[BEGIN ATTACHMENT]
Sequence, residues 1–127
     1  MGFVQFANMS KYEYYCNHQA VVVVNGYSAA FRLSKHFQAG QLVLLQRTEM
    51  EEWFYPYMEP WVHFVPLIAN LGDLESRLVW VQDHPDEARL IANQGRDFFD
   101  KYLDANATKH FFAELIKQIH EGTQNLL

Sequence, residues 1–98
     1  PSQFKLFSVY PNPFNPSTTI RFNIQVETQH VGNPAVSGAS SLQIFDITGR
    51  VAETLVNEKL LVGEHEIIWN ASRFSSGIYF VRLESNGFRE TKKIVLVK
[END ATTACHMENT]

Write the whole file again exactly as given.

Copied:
Sequence, residues 1–127
     1  MGFVQFANMS KYEYYCNHQA VVVVNGYSAA FRLSKHFQAG QLVLLQRTEM
    51  EEWFYPYMEP WVHFVPLIAN LGDLESRLVW VQDHPDEARL IANQGRDFFD
   101  KYLDANATKH FFAELIKQIH EGTQNLL

Sequence, residues 1–98
     1  PSQFKLFSVY PNPFNPSTTI RFNIQVETQH VGNPAVSGAS SLQIFDITGR
    51  VAETLVNEKL LVGEHEIIWN ASRFSSGIYF VRLESNGFRE TKKIVLVK